The Tweets
The Tweets

Nature vs. Nurture vs. Emulation vs. Self Fulfilling Prophecy: Work or Shoot?

Yesterday I spent a good chunk of the day doing something I had been putting off for no clear reason. I digitally archived a bunch of my father's things: old family photos, postcards, curling patches, his obituaries.

Other than the actual work of the archiving itself, the only thing I could think of is that I didn't want to immerse myself in memories of my father, including memories that aren't even mine. I've seen all of these things before, but I don't know if I've actually SEEN them.

The main takeaway from yesterday is just how many weird and random ways I am like my dad, or at the very least how many weird tangents there are. I've already written about the whole wardrobe thing, and looking at old pictures just really brings to light how similar our fashion sense is--if not in actual looks, at least the "level" of casual to formal--but there are even little things here and there that would only catch my eye. The most surprising of which is one of the last real hidden "guilty pleasures" I have: Professional Wrestling.

To this day I still have this fascination with professional wrestling. See, even here I try to carefully word it. I'm a fan. There, I said it. Not of everything, mind you. Just as with any entertainment medium, I like what's good; and cringe at what's bad. The only difference is that this particular form of entertainment comes pre loaded with a ton of judgement and ridicule before you finish the word "wrestling". Think of explaining South Park to people who have only seen the first two episodes--or have only heard the horrible people who quote it ad nauseum--but ten times worse. 

But this is not the place for my defence of Pro Wrestling. That comes in another post, and only when I'm mentally prepared for taunts not heard since high school. What exactly does this have to do with my continuing struggle to understand if I'm emulating my father as some sort of tribute; if these personality traits are genetically passed down; if I have some forgotten memory of spending time bonding over these things; or if I'm just grasping at straws that aren't even there to try to force a connection with a man I can't create new connections with anymore?

(It's not the last one, but I needed to put it there to cover the entire spectrum of possibility; also sorry for the run on sentence to end all run on sentences)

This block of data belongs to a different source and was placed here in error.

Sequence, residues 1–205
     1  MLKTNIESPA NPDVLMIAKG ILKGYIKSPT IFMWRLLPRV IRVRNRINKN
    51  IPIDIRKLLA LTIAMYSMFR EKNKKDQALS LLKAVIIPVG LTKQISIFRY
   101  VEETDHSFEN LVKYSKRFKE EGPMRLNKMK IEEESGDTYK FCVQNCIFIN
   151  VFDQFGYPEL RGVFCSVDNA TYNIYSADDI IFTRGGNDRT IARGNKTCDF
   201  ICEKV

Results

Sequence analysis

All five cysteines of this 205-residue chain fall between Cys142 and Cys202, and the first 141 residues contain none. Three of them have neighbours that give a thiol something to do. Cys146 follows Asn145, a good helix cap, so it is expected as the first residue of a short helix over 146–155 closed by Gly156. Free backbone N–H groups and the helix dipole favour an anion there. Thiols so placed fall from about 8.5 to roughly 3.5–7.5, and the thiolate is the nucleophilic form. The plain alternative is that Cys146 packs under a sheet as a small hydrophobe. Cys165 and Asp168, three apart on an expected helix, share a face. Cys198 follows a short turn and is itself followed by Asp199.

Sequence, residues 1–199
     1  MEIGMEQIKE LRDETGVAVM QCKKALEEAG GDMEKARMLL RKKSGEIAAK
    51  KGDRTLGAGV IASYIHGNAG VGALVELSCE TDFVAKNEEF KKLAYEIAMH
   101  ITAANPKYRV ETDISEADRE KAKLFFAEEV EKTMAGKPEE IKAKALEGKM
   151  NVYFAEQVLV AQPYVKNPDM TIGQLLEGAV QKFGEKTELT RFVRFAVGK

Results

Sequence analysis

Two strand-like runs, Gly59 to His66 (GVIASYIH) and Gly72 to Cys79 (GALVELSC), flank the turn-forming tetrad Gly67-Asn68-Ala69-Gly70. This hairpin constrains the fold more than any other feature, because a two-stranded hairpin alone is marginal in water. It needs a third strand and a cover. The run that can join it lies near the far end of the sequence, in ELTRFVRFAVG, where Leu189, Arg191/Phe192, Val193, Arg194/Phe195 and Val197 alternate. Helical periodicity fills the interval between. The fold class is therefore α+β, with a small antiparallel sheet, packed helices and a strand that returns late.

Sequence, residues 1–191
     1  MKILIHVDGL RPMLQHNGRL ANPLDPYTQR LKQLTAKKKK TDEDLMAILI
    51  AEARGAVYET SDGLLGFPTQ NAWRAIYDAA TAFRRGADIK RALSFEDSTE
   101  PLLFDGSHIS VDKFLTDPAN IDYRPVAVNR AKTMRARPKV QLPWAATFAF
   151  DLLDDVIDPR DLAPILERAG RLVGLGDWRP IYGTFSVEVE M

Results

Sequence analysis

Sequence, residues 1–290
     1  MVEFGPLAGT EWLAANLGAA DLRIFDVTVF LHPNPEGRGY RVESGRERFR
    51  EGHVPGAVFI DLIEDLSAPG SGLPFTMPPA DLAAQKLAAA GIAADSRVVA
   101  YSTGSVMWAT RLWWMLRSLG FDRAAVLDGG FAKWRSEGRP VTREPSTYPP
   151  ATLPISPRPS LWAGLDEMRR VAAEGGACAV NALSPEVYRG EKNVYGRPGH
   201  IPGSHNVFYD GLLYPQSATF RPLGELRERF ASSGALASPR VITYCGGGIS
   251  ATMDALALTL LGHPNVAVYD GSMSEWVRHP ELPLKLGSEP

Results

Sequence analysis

I can't really be sure, and at the end of the day it's probably not even important why or even if these connections exist; just that I know that they do.

Oh, and here's the photo that caused this much longer than anticipated ramble:

For anyone who shares my secret fandom, that kind of says it all, and for those who don't, just trust me on this one (shout out to the top button being buttoned this side of the Pond... that's definitely the insidiest of references).



We've all been that umbrella before

About halfway through my commute home on this rainy Thursday, I noticed a lone umbrella hooked onto one of the horizontal bars of the bus, right near the rear door. Nobody was around it and I started to wonder if it was a forgotten umbrella, but mostly I was curious if anyone else would notice it. A young mother had it pointed out to her by her daughter, but that seemed to be about it. During the next twenty minutes maybe five or six people either stood beside the solitary umbrella, or passed it as they exited the bus at their stop.

Usually I try to be one of the first to get off the bus so I can make the next transfer, but I had become intrigued by the story of this lost umbrella so I decided to hang back to see if anyone else would take notice, and if so, what they would do. As the last of the people got off the bus, headed to their next stop, not one single person gave it more than a cursory glance. It was nice to see that nobody stole the lonely umbrella but nobody really did anything about it at all, either.

I admit it; normally, I would be one of them. I always tell myself that I do the right thing, and hopefully that's true in most cases, but I know that sometimes I'm just so "internal" that I ignore--or rather, choose to ignore--dropped change, abandoned bags and solitary umbrellas. As I got off the bus, rather than rushing to the stop where my transfer was probably just pulling up, I picked up the still damp umbrella and brought it to the driver who was stepping off the bus into the rain to stretch his legs. I actually had to repeat "I think someone left this on the bus" twice before he took the umbrella and thanked me with a bemused, but genuinely grateful look on his face. 

As I made my way downstairs to wait for the next bus, I was reminded of the jacket I left on a bus maybe 6 years ago when I was in too much of a hurry to get home to make sure I had everything with me. I never did check the lost and found; did someone else take the time out of their day to try to return my jacket or did it make its way to the end of the line untouched, or worse (for me) to someone else's home?